There are 2 IR sensors in the barrel, one at the dart insertion point, one at the exit. By measuring the time it takes to get between them, it should give an approximate dart velocity. However when only measured across 10cm, it may not be wholly accurate, but it looks cool
The RPM sensor is also working properly now. On alkalines with stock motors it gets around 11-12k rpm. However i'm measuring every 250ms and multiplying it out, so again its not 100% accurate, but pretty close.
The gear going in the left side:
And the right side installed. The flywheel enclosure and flywheel got a quick spray of black paint to minimise any IR reflections.
I'm using using millis to get the 4x/second calculation so when its working it will update the display 4x/second. Nothing to be gained by using micros.
I'm using an IR LED, which is matched to the IR transistor. (same manufacturer, same frequency etc). Too difficult to fit a laser diode in where I want it.
According to the datasheet for the transistor it has nice small trigger times as well, and even assuming a max speed of 30,000rpm, thats only 500/s, which both the transistor and microcontroller should be perfectly capable of handling. I made the hole in the flywheel longer so it has a greater period to detect the high of the LED per revolution, but that made no difference.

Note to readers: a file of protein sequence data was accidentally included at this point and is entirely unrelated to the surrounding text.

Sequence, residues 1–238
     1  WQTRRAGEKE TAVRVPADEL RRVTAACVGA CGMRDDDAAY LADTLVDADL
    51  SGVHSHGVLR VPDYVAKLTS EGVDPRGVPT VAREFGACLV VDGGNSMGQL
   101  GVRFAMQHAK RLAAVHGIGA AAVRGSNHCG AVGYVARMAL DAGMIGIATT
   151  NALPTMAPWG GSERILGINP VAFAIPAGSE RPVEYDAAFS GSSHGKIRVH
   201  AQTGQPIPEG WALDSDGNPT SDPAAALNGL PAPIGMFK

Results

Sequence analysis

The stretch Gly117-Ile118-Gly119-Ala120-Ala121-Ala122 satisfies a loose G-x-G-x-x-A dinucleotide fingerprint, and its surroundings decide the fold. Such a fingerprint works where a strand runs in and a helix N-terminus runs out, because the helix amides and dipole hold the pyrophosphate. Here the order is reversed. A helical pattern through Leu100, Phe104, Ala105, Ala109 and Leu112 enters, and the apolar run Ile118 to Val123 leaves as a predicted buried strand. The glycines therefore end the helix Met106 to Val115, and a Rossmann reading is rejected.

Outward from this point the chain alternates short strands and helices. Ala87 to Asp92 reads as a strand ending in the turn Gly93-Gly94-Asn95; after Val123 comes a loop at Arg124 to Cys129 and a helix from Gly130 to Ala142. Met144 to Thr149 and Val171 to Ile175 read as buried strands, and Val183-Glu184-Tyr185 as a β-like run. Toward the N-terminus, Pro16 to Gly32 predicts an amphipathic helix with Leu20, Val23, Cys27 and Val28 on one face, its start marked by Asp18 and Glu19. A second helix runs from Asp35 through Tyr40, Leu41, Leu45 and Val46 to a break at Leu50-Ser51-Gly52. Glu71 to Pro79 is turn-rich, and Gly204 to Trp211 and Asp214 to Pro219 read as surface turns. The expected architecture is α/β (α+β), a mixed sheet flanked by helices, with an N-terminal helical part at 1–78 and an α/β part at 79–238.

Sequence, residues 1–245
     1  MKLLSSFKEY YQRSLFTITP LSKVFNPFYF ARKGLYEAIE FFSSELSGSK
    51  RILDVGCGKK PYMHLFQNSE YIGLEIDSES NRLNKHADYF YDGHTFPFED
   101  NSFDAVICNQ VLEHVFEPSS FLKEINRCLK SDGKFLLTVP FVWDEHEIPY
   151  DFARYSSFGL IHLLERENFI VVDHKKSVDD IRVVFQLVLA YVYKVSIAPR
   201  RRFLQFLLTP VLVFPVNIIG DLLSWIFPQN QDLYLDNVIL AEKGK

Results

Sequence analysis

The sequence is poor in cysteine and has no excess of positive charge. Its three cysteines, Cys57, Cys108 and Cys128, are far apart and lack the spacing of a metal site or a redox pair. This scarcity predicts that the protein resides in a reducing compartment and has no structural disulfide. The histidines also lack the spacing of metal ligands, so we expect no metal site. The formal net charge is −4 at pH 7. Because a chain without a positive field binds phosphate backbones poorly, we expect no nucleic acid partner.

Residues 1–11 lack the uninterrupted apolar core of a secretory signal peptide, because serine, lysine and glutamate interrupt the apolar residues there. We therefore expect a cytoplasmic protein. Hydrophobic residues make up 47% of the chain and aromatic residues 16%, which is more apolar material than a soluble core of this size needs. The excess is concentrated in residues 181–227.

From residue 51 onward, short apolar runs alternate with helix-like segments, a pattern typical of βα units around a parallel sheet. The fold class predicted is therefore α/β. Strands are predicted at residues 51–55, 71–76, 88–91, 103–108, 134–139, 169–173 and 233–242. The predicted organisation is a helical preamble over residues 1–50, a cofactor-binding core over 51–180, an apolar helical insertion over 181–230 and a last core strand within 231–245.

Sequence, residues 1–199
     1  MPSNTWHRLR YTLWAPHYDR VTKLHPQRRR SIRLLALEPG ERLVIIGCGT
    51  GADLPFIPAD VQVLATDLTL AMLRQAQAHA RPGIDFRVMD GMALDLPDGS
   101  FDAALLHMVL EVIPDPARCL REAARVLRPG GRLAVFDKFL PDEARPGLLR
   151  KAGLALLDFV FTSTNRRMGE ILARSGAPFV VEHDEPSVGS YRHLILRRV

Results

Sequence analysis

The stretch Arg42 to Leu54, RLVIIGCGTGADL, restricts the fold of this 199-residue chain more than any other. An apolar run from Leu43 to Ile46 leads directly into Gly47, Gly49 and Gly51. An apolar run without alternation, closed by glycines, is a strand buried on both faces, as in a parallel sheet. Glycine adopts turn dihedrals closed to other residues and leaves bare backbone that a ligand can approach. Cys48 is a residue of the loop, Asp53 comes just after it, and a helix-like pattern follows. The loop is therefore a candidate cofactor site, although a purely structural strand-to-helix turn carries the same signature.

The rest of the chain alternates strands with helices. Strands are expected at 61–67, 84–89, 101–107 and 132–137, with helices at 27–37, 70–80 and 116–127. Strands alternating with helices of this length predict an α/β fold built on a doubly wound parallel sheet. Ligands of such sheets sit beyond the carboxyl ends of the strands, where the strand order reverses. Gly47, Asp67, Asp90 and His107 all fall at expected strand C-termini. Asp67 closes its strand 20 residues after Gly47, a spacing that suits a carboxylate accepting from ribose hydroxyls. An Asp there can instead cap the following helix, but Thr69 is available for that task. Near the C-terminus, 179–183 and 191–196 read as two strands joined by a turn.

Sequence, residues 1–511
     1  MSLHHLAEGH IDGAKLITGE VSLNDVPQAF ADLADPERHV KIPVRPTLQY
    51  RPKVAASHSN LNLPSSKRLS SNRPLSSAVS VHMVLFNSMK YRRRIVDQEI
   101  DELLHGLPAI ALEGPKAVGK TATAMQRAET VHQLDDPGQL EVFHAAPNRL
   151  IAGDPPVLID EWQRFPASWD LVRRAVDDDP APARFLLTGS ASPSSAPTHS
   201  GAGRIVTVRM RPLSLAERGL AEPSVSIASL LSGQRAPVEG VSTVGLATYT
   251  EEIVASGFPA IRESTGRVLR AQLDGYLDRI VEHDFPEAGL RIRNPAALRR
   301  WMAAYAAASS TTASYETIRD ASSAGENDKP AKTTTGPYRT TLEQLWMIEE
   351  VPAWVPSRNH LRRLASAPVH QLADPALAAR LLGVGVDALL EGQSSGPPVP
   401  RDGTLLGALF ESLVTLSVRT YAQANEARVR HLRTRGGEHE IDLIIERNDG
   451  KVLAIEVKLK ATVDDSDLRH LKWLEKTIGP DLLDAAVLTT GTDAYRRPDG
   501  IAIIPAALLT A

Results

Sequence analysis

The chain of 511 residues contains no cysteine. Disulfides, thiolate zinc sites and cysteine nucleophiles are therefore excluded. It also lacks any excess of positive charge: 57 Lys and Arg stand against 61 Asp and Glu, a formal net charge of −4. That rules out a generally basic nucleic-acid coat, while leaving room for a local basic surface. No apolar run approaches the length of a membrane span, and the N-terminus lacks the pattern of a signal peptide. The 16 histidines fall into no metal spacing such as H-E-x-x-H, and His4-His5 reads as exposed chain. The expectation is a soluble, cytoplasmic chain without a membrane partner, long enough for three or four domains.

In theory, and by all the numbers, it SHOULD work! Thats why its so frustrating.
I'm going to go and buy a bunch of different IR transistors today from my local electronics shop, and try others. Maybe one will work.
Yeah i considered the code as well, which is why i stripped it back to a test sketch that does nothing but count the interrupts.
I'm only bothering to count 1 motor since they have the same power supply and are subject to the same braking from darts etc.
The M0 controller runs at 48Mhz, so shouldnt have any dramas, even assuming a high rpm count.